12/17/14   Hey Putin, How Do You Like Those Apples?

Editor’s Corner

Ron Rowland

Most of the world’s stock markets are having a tough time.  Our global rankings demonstrate this quite clearly.  However, our ranking categories focus on broad regions and large countries.  Despite the overwhelmingly negative tone displayed in our rankings graphic, there are some specific countries doing much worse.  Russia is the most obvious example.

Russia’s current woes began earlier this year when Putin’s meddling in the affairs of Ukraine brought on strong rebuke from world leaders and stiff economic sanctions.  Those events weakened Russia, but since the country was still able to sell its oil at relatively high prices, it was managing to keep itself afloat.  Then crude oil prices started to decline, eventually plunging more than 40%, and the calculus of Russia’s economic viability changed dramatically.

When a country goes into a tailspin, its currency tends to suffer.  Lower stock prices are causing investment capital to leave Russia, which in turn is putting pressure on the ruble, which translates into even lower stock prices.  It’s a classic death spiral, and Russia is caught in the vortex.

U.S.-listed ETFs investing in Russia reflect a combination of stock price performance and the strength of the ruble in comparison to the U.S. dollar.  The iShares MSCI Russia Capped ETF (ERUS) dropped more than 20% the past week.  It is down more than 34% since late November and has lost more than half its value so far in 2014.  Traders with an appetite for risk can play the leveraged Russia ETFs.  Direxion Daily Russia Bull 3x (RUSL) plunged more than 50% this past week, even after accounting for a 7% bounce yesterday.  It is down nearly 92% for the year.  Traders who correctly anticipated the plunge in Russia have profited immensely from Direxion Daily Russia Bear 3x (RUSS).  This ETF zoomed 64% higher the past week and has climbed more than 183% in the past three weeks.  If you timed it right, and bought on July 9, you would now be sitting on a sweet 352% profit.  Not bad for less than half a year.

The last FOMC meeting of 2014 concluded today.  Speculation leading into the session surrounded whether or not the Fed would remove “for a considerable period” from its statement.  Indeed, the phrase was removed and a new description of “patient” was substituted in regards to when borrowing costs might move up.  The committee claims the new language is consistent with the old and is still in no hurry to hike rates.

Investor Heat Map: 12/17/14


Real Estate completed its climb to the top.  It was in first place 28 weeks ago and then fell to ninth by mid-June.  It climbed as high as second in August, only to fall to tenth and sit there through most of September.  It’s been a rocky road for Real Estate, which makes holding this position a proposition for only the hardiest of investors.  Health Care lost more than half its momentum and slid down to second place after six weeks in first.  Utilities, a defensive sector, displayed its defensive properties by improving its ranking position by three spots.  Consumer Staples, another defensive category, held steady in fourth.  Consumer Discretionary climbed two places, Financials fell three, and Technology slipped two.  Industrials and Materials were both in the green a week ago but are now in negative trends, and Materials is already deep in the red.  Telecom lost momentum but didn’t fall any further in the rankings.  If you thought things couldn’t get any worse for Energy, then you were proven wrong this past week.  Eventually the selling will be overdone and a wonderful buying opportunity will emerge, but prepare for some false starts.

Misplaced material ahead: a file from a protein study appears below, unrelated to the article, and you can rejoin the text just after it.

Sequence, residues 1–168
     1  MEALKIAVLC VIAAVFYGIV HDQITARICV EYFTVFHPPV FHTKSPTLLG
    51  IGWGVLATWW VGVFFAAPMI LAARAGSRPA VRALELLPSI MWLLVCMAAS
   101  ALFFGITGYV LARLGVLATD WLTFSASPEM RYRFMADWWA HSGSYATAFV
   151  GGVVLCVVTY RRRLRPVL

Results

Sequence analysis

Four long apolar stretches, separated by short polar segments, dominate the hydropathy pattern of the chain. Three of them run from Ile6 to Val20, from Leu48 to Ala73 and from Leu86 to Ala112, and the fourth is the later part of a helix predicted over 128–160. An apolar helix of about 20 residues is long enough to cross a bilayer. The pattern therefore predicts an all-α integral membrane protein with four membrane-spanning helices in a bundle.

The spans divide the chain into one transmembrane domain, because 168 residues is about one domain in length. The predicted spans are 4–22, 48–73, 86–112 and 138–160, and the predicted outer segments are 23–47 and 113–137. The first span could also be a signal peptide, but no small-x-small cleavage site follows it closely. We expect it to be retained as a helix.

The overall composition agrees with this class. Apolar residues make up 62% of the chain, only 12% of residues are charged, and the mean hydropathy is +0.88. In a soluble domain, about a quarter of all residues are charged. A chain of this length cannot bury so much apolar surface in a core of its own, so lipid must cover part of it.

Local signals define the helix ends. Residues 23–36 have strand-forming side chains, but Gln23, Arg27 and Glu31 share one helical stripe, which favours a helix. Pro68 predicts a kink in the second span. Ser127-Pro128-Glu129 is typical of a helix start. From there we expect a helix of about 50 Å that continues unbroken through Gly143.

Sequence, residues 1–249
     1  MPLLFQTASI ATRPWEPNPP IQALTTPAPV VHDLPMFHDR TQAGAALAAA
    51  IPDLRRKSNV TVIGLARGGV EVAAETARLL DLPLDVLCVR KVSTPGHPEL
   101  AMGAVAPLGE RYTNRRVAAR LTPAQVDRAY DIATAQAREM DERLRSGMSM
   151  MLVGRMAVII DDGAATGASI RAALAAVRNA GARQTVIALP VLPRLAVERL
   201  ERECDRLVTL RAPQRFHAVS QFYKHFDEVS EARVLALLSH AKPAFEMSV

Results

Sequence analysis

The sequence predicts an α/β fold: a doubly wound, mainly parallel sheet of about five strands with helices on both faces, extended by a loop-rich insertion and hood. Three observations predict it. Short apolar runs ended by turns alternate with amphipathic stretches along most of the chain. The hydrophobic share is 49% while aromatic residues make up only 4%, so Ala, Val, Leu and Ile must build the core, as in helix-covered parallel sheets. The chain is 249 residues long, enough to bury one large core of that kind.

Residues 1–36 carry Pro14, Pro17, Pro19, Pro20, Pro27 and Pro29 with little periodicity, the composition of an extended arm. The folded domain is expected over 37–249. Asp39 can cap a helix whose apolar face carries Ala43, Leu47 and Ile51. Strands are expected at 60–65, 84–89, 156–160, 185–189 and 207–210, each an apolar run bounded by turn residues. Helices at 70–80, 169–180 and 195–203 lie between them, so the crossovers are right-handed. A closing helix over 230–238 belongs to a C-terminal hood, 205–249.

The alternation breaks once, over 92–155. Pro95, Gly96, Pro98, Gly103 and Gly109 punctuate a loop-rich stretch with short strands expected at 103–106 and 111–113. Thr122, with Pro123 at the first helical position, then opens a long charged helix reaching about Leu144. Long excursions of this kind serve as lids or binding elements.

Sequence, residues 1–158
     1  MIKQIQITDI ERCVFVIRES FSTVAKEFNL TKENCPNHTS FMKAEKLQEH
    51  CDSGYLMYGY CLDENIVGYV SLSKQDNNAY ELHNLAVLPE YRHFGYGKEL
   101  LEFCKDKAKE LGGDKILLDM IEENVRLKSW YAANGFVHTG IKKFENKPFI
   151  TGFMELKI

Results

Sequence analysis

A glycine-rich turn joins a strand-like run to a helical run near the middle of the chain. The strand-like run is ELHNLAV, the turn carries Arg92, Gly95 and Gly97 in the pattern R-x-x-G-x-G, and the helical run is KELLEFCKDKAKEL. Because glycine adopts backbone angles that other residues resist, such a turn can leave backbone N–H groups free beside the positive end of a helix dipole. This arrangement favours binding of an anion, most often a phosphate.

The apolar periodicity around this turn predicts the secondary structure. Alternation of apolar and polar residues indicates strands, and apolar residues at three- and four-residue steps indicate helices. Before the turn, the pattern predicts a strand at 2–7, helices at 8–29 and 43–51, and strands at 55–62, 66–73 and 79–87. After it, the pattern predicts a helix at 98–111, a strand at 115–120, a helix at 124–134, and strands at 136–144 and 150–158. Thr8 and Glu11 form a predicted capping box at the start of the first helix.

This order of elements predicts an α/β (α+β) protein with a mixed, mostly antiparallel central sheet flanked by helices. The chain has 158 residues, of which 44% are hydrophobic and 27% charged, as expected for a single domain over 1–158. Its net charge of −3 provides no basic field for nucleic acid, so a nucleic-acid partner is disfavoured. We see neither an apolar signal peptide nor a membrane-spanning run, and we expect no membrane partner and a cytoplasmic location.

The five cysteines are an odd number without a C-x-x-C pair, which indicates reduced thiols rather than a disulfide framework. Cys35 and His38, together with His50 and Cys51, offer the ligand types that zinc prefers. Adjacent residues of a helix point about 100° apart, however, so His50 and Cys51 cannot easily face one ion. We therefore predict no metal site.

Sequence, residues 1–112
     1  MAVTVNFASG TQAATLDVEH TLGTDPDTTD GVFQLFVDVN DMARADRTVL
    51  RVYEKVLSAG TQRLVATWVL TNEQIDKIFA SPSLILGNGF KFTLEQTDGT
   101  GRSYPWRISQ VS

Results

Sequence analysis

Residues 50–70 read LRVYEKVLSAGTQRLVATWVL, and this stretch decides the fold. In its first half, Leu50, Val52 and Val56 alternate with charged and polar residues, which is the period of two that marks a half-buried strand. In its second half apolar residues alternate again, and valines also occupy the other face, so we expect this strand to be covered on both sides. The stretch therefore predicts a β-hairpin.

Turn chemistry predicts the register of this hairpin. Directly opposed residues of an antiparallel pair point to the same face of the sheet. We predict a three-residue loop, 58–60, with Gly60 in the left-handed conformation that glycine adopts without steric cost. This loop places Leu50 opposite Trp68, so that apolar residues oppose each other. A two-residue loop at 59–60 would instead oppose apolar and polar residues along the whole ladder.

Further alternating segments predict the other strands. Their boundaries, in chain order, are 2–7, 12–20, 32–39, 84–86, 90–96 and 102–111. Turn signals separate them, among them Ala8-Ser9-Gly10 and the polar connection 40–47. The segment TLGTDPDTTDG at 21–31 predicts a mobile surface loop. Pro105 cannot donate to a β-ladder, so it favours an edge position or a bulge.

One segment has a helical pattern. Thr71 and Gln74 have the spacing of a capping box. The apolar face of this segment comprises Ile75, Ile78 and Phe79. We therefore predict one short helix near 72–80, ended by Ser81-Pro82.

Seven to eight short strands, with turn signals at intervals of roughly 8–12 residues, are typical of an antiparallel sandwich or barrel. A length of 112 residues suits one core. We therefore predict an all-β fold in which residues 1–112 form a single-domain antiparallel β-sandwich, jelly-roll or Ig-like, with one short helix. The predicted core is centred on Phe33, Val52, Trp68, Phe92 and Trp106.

Most of the air, also known as momentum, came out of the market this past week.  The eleven style categories were solidly in the green a week ago, and today they are all squished flat.  Small Cap Growth and Micro Cap are clinging to their last little bits of positive momentum.  Small Cap Growth grabbed the top spot a week ago, and Micro Cap surged from tenth to second this week.  However, Micro Cap’s move is probably not as impressive as it appears since it accomplished this feat by losing less than the other categories.  The high compression across the momentum readings is also contributing to dramatic shifts.  Nine categories flipped over to the red, although none have entered steep downtrends.  The Growth categories remain stronger than Value in all capitalization segments, with only Micro Cap stopping the trio from a sweep of the top three spots.


China, the U.S., and World Equity remain 1-2-3 respectively, although their positive momentum has disappeared.  China is now registering a zero trend, the U.S. is slightly negative, and World Equity is already in a steep negative trend.  Japan and Europe swapped places as both went from barely positive to deeply negative.  The lower categories all fell deeper in the red despite seeing currency improvements over the past week.  The U.K., Pacific ex-Japan, Emerging Markets, and Canada are in extremely bearish modes with intermediate trends of minus 40% (annualized) or worse.  Latin America is on the bottom with a clearly unsustainable momentum value of -97.


The charts above depict both the relative strength and absolute strength of various market sectors, styles, and geographic locations on an intermediate-term basis. Each grouping is sorted (top to bottom) by relative strength. The magnitude of the displayed RSM value is a measure of absolute strength, which is our proprietary method of measuring and reporting the intermediate-term strength as an annualized value.


“Based on its current assessment, the committee judges that it can be patient in beginning to normalise the stance of monetary policy.”

FOMC Statement 12/17/14


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